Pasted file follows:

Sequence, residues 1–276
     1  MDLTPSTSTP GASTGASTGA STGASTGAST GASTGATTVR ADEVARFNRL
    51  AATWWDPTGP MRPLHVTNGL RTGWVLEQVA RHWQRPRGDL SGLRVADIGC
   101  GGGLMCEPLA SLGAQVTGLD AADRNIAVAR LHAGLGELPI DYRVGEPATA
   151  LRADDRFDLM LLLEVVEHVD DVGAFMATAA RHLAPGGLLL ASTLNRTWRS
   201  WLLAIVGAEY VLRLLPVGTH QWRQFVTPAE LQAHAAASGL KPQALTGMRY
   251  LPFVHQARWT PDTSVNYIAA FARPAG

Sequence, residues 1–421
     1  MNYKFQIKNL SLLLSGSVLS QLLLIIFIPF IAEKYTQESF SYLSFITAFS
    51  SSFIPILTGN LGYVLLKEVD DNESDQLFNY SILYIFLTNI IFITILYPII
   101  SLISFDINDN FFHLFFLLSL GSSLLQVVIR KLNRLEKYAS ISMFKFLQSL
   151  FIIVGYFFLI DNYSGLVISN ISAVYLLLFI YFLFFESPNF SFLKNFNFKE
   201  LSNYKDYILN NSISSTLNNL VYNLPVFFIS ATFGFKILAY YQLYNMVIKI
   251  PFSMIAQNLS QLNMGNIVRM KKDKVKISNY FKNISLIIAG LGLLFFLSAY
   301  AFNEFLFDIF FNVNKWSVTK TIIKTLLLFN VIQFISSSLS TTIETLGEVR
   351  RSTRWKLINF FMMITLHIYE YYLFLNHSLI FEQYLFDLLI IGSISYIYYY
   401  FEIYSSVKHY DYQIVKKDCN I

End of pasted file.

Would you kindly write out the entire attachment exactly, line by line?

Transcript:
Sequence, residues 1–276
     1  MDLTPSTSTP GASTGASTGA STGASTGAST GASTGATTVR ADEVARFNRL
    51  AATWWDPTGP MRPLHVTNGL RTGWVLEQVA RHWQRPRGDL SGLRVADIGC
   101  GGGLMCEPLA SLGAQVTGLD AADRNIAVAR LHAGLGELPI DYRVGEPATA
   151  LRADDRFDLM LLLEVVEHVD DVGAFMATAA RHLAPGGLLL ASTLNRTWRS
   201  WLLAIVGAEY VLRLLPVGTH QWRQFVTPAE LQAHAAASGL KPQALTGMRY
   251  LPFVHQARWT PDTSVNYIAA FARPAG

Sequence, residues 1–421
     1  MNYKFQIKNL SLLLSGSVLS QLLLIIFIPF IAEKYTQESF SYLSFITAFS
    51  SSFIPILTGN LGYVLLKEVD DNESDQLFNY SILYIFLTNI IFITILYPII
   101  SLISFDINDN FFHLFFLLSL GSSLLQVVIR KLNRLEKYAS ISMFKFLQSL
   151  FIIVGYFFLI DNYSGLVISN ISAVYLLLFI YFLFFESPNF SFLKNFNFKE
   201  LSNYKDYILN NSISSTLNNL VYNLPVFFIS ATFGFKILAY YQLYNMVIKI
   251  PFSMIAQNLS QLNMGNIVRM KKDKVKISNY FKNISLIIAG LGLLFFLSAY
   301  AFNEFLFDIF FNVNKWSVTK TIIKTLLLFN VIQFISSSLS TTIETLGEVR
   351  RSTRWKLINF FMMITLHIYE YYLFLNHSLI FEQYLFDLLI IGSISYIYYY
   401  FEIYSSVKHY DYQIVKKDCN I